Can two losing propositions be combined into a single winning outcome? What can a pair of casino dice teach us about the origin of the universe? Is a lap dance from a stripper in Las Vegas really worth twenty bucks?

Ask Danny Pellegrino, the junk-mail con man who, at the opening of God Doesn’t Shoot Craps, is on his way to Atlantic City to test a new dice system called WIN BY LOSING! Although Danny has no illusions that it’ll actually work -- gambling systems never do -- he wants to make sure he can handle the inevitable complaints and questions he’ll receive from customers.

But after a few hours of playing this supposedly bogus system, Danny doesn’t just start winning ... he can’t lose.


Before long, his $5,000 bankroll turns into a $500,000 fortune. And this marks the beginning of Danny’s downward spiral into his own personal hell. When the system falls into the wrong hands, Danny embarks on a roller-coaster ride that takes him from the casinos of Atlantic City to the topless bars of Las Vegas – with the mob and the feds in hot pursuit.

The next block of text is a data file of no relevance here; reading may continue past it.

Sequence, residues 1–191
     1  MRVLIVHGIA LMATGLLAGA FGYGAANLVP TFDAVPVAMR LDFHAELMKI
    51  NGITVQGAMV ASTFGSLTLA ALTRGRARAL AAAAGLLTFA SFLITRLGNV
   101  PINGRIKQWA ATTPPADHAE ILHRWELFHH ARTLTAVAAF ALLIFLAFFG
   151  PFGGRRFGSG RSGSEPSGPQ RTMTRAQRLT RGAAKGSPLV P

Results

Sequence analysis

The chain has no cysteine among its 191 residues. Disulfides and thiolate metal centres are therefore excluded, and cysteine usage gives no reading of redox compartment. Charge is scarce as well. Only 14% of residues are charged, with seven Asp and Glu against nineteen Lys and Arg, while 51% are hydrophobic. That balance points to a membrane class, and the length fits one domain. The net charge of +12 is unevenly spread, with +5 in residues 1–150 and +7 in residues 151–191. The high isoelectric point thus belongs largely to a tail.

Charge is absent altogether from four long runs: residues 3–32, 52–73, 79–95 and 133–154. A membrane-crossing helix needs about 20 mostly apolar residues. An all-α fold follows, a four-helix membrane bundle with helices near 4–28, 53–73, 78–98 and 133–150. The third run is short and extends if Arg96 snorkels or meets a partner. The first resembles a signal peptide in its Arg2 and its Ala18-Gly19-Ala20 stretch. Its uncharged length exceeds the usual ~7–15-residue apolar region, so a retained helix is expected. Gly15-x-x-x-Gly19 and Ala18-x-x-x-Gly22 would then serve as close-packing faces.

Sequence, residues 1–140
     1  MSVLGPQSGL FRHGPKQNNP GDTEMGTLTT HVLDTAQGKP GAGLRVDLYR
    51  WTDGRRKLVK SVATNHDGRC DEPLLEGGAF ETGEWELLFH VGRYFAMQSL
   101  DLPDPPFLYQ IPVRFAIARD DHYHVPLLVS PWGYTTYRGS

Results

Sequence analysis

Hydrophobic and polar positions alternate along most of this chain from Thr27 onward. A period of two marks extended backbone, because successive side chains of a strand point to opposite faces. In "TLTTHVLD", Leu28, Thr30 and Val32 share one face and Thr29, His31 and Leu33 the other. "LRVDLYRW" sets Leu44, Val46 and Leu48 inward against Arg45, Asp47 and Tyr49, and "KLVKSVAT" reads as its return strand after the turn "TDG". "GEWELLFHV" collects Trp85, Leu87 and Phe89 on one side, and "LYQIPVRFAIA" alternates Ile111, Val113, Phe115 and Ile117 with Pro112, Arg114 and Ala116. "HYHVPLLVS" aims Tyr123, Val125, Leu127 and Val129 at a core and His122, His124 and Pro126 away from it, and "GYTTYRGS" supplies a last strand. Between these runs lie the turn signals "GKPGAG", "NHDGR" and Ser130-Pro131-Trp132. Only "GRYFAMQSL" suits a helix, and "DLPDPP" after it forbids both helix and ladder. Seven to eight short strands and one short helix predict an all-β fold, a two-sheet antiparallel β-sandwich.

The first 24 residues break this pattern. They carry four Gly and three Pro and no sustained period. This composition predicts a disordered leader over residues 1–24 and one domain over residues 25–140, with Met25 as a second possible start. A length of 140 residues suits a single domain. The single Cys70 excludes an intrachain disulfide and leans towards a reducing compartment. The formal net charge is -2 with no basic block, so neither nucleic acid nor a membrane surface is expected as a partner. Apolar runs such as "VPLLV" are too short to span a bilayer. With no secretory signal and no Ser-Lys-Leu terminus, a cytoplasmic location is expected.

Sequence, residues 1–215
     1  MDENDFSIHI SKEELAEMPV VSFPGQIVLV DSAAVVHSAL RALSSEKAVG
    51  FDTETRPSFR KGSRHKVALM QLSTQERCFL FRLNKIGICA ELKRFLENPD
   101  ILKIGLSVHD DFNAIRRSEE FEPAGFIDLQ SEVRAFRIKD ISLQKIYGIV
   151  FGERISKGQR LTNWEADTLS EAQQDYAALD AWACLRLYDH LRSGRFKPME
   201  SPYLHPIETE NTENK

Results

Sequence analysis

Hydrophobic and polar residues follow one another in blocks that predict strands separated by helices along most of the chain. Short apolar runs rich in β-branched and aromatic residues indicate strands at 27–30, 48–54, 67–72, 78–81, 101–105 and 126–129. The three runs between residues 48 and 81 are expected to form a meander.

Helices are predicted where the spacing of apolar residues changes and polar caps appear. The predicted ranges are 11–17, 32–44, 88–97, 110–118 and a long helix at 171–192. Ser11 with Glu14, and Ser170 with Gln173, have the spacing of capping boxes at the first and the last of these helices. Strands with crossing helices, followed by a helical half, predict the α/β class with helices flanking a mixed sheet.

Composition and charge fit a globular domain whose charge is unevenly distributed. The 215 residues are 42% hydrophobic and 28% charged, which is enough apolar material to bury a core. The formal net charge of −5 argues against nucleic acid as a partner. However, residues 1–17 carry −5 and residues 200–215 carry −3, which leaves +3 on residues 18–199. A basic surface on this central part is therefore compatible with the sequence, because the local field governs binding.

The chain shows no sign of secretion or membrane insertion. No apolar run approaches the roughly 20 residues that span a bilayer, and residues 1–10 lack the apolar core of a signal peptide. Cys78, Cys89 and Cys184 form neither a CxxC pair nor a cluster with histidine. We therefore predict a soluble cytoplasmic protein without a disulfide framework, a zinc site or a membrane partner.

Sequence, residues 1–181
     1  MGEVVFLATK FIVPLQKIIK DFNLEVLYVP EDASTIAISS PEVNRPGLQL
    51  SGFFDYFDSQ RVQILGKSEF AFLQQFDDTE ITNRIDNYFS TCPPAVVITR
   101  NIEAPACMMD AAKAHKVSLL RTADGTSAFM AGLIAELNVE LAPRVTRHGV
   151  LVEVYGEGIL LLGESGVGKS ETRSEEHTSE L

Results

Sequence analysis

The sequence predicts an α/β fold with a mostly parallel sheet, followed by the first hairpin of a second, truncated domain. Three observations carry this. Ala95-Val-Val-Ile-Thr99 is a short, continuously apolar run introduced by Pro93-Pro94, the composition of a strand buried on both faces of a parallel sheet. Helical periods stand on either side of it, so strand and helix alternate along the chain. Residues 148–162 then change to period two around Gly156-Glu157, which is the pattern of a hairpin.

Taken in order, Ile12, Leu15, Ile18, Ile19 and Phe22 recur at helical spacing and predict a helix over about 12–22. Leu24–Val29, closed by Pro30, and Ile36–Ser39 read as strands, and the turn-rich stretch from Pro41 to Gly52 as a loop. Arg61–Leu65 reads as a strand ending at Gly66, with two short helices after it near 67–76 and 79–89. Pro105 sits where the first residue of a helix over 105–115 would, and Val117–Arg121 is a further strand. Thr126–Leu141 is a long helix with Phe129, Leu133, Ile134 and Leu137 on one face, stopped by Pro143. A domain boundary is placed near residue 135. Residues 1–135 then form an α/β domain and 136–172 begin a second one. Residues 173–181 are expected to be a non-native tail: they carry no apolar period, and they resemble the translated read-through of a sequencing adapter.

Carrying readers into the intriguing world of Las Vegas and gambling, Richard Armstrong’s fresh and fast-moving tale has vivid characters, clever dialogue, and an engaging mix of philosophy, science, spirituality, and humor. The book also contains the craps system itself – WIN BY LOSING! – which is based on cutting-edge theories in mathematics recently revealed in Science News and Nature.

Politically incorrect, profane, almost pornographic at times, from its hilarious opening pages to its electrifying conclusion, God Doesn’t Shoot Craps will keep you up half the night turning pages ... and the other half turning over its provocative message in your mind.



LINKS:

NEW YORK TIMES – "Paradox in Game Theory: Losing Strategy That Wins"

NATURE – "Good News for Losers"
If you feel that life always deals you a bad hand, take heart. Scientists in Australia have proved that two games guaranteed to give a player a steady string of losses can generate a sure-fire winning streak if played alternately.

SCIENCE NEWS – "Losing to Win"